A three-dimensional, contoured nozzle is used to pro- 
vide a nominal freestream Mach number of 1 in the 3 1 - 
Inch square test section. A side-mounted model injec- 
tion system can insert models from a sheltered position 
to the tunnel centerline in less than 0.6 sec. Run times 
up to 3 minutes are possible with this facility although 
current test run times were on the order of one minute. 

MODELS. INSTRUME NTATION 
AND TEST PROCEDURE 

The model for the 14-ft by 22-ft low subsonic, free 
stream and ground effect tests was a iO% scale model of 
the X-34 outer mold line (OML) geometry inclusive of 
TPS. The test model had remote activation of elevons, 
body flap and rudder. The floor boundary layer suction 
was used in the X-34 ground effect tests. The ground 
effect test data was obtained for various separation 
heights (measured from moment reference point to the 
ground plane) ranging from 0.3 to 2.5 times wing span. 
The X-34 vehicle has two doors for the main gear, one 
on each side, but a single door for the nose gear, only on 
the left side. Therefore, when the nose gear is down and 
its door is open, the configuration becomes aerodynam- 
ically asymmetric giving rise to side force, rolling and 
yawing moments at zero sideslip. 

The model for the 16-Foot Transonic Tunnel and 
the UPWT was a 0.033-scale model of the X-34 OML 
geometry, for the 20-Inch Mach 6 Tunnel was a 0.018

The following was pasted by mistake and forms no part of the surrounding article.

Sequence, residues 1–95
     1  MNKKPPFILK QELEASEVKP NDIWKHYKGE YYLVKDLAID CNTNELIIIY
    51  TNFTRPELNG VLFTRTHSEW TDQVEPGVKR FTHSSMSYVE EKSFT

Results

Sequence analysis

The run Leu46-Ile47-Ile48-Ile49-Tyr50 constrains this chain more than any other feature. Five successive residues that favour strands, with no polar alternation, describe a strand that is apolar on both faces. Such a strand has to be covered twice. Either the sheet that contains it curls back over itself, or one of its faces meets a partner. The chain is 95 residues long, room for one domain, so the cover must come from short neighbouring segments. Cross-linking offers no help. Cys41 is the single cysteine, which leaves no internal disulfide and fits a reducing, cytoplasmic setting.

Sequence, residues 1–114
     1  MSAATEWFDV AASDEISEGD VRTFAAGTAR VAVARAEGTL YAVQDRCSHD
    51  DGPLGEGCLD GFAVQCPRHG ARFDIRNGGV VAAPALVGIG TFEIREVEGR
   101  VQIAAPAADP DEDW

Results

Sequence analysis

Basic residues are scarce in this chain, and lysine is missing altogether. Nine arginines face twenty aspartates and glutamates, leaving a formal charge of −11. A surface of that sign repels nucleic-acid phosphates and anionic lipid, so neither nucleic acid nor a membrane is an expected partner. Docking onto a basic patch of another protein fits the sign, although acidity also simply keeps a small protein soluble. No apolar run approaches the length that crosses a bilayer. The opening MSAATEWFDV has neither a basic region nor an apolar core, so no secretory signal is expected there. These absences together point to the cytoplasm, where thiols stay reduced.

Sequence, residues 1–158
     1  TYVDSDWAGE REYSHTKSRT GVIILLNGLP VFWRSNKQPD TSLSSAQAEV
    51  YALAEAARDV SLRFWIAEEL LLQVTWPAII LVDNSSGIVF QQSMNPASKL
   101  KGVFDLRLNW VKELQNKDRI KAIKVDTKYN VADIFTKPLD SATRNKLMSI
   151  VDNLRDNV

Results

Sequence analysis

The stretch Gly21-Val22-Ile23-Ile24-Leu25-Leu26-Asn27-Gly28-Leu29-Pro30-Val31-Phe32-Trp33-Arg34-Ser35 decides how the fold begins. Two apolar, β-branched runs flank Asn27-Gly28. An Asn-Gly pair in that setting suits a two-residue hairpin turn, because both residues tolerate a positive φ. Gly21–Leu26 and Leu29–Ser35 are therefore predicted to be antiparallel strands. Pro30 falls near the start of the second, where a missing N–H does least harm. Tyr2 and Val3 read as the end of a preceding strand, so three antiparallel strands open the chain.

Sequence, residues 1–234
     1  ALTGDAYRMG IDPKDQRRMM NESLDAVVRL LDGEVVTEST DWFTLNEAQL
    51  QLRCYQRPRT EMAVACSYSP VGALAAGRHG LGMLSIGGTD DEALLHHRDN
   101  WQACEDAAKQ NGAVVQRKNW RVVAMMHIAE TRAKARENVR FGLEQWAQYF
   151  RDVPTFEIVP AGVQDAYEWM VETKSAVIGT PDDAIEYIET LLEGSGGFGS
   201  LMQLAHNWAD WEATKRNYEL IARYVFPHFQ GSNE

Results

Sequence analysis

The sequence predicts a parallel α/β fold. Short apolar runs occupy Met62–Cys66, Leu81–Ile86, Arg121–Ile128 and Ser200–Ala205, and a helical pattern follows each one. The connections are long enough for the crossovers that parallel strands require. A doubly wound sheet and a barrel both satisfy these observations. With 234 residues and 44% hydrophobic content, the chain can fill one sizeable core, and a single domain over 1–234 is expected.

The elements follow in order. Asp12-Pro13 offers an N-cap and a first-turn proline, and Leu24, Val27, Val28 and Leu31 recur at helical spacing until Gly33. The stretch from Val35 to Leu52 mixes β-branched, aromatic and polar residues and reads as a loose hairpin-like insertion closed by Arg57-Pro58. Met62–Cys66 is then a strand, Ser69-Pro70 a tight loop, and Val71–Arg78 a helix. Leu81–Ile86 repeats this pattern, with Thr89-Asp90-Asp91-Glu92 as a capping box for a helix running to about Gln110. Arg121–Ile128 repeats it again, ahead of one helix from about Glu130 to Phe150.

scale model of the X-34 OML geometry and that for the 
3 1 -Inch Mach 1 Tunnel was a 0.01 3-scale model of the 
X-34 OML geometry. 

For the test models in the 14-by 22-Fool Subsonic 
Tunnel, the 16-Foot Transonic Tunnel and the UPWT 
(leg 1 ) tests, boundary layer transition trips were applied 
at the nose and the leading edges of the wing and verti- 
cal tail to promote turbulent flow over the test models. 
The models tested in the UPWT (leg 2), the 20-Inch Mach 
6 Tunnel and the 31 -Inch Mach 10 Tunnel were not 
tripped. However, the data from the UPWT (Leg I ) tests, 
where models with and without the trips were tested, 
showed that tripping had little effect on lift and pitching 
moment coefficients but resulted in a drag coefficient 
increase of about 2% for Mach 1 .6 to 2.5. 



American Institute of Aeronautics and Astronautics 



The aerodynamic forces and moments were mea- 
sured using six component strain gage balances. The 
balances used in the 20-Inch Mach 6 Tunnel and 31- 
Inch Mach 10 Tunnel were water cooled to minimize 
the balance temperature variations due to aerodynamic 
heating. Corrections were applied to the balance mea- 
surements to account for the temperature effects only 
for the 3 1 -Inch Mach 1 Tunnel test data. 

The force and moment data were acquired in a "pitch 
and pause" manner. The balance moment reference cen- 
ter, expressed in terms of full scale vehicle, was located 
at 420 inches from the nose. The base and cavity pres- 
sures were measured on all models except the model in 
the 31 -Inch Mach 10 tests and these were used to make 
correction to the measured axial force. In the Mach 10 
tests, owing to limitations of the model and cavity size,